A 30.000 pies por viajeros para viajeros

Ghosts Of London's Past

Por Michael Schuermann de Easy Hiker

London is a great city for hikers. For one because there are so many scenic trails and nature reserves near-by – the Ridgeway, the South Downs Way, the New Forest – and for another because they are all so easy and convenient to reach by what is probably the world’s best public transport system. (I know the London urban and suburban rail networks get a lot of stick, but I still have to find another city in the world where it is as easy to get around even if you have no car.)

We will spend more time in London in the near future and intend to explore the walking trails of the area in some detail, although the more serious hiking trips will have to wait until the spring.

For the time being, however, we will keep things simple and start you off this week with two short walksalong the Thames, one in the east and one in the west, each roughly two to three hours long, allowing you to set out late, after a leisurely breakfast on a weekend for example, and still be back in time “for tea” to watch the afternoon soccer game “on the telly”. Are you still with me, “guv”?

Ghosts of London Past

Wapping in the east of the city has always been my favourite part of “walking London”. I have done this walk several times over the past twenty years or so, but it was never the same walk – because the area has changed and still changes so quickly.

This stretch of London – between the Tower and Greenwich – was once the most important hub of global trade, the place where shiploads after shiploads of coffee, tobacco and sugar from the British colonies arrived on their way to the European consumers.

The London docks were abandoned in the 1960s, and the area lay fallow, a barren industrial wasteland, for twenty years before it was redeveloped in the 1980s. When I came here first, a little over twenty years ago, this process was still very much ongoing, and the “docklands” at the time were a surreal blend of derelict industrial buildings, waste dumps, modern office developments and handsome 19th century mansions.

Nowadays, the docklands are very trendy and chic, but they are still nothing like similarly trendy and chic areas of West London. They are, for one, much less lively. Wapping High Street is a residential area, but when we went there, on a Saturday around lunchtime, we were almost the only people in the street, give or take the odd jogger. Between old warehouses, centuries-old taverns and narrow stairways that lead down to the river, you feel that ghosts are walking with you every step of the way.

Our walk starts at St. Katharine Docks in the back of Tower Hill station. Walk down the stairs on your left hand side, turn left in front of the moat of the Tower of London and simply follow the signs.

The three basins of St. Katharine Docks were developed in the 1820s when one of the largest London slums – with over 10,000 inhabitants – was razed to the ground. (The rubble of the destroyed dwellings, ironically, was used to lay the foundations for one of London’s most luxurious property development projects in Belgravia.)

The St. Katharine Docks were never a great commercial success – the gates to the river Thames were too narrow, preventing larger ships from entering – and, having been heavily bombed in WWII, never fully rebuilt and gradually abandoned.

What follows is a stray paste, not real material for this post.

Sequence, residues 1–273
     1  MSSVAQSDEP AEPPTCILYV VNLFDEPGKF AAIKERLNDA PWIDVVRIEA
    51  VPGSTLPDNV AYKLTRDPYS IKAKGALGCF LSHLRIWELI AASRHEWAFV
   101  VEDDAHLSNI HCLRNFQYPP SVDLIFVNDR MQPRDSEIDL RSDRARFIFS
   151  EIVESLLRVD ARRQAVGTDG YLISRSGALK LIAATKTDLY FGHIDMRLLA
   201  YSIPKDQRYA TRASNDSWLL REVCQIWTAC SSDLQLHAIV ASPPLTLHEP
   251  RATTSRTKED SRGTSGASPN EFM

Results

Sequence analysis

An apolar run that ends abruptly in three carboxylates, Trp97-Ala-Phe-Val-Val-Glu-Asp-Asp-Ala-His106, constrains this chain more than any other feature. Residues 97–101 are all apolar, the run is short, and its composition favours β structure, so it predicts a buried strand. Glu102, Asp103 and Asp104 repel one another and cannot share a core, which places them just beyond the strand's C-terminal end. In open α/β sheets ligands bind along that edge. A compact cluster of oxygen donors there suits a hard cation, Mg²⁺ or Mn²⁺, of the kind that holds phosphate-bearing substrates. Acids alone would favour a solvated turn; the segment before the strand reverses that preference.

They became, however, also the first of the London docks to be redeveloped as a leisure-plus-retail facility and the blueprint for all such projects since, in the capital and all across Britain. They are a very pretty sight indeed, particularly on a sunny day. (Unfortunately, we were not quite so lucky on our walk.)

Leave St. Katharine Docks in the back of the Dickens Inn through Thomas More Street and turn left into Wapping High Street along the Thames. Look out for Wapping Pier Head, two early 19th century brick buildings that were erected right on the entrance to the docks to accommodate leading dock officials and their families …

… and, a few houses down the road, the ancient Town of Ramsgate pub. The Wapping Old Stairs beside the pub – they lead down to the river – are said to be haunted: for many men, convicts on their way to Australia and drunks who were imprisoned in the pub’s cellar before being “press-ganged” into the navy, these stairs would have been the last things they ever saw of England.

A little further on, in the garden next to the modern HQ of the London River Police, the City of London used to execute pirates – not removing their bodies before three high tides had washed over them, as a kind of deterrent presumably. The infamous Captain Kidd was hanged here in 1701, and a couple of blocks down, there is a pub that was named in his honour. (Go check it out. It has stunning views over the Thames.)

Continue past some more old warehouses before turning right into Wapping Wall – look for London’s oldest riverside pub, the Prospect of Whitby – and crossing the bridge into Shadwell. (Another modern development, called Shadwell Basin, appears on your left.)

Immediately after the bridge, turn right in the direction of King Edward VII Memorial Park, and continue by the bank of the river with some spectacular views of Canary Wharf in the distance.

Turn left into Spert Street for Limehouse Basin, where this walk ends. There is a DLR station on your left hand side from where the trains of the “Docklands Light Railway” take you back into the centre of London within a few minutes.

By Michael Schuermann de Easy Hiker 

Does this make you want to go? Do it! Check out our prices here!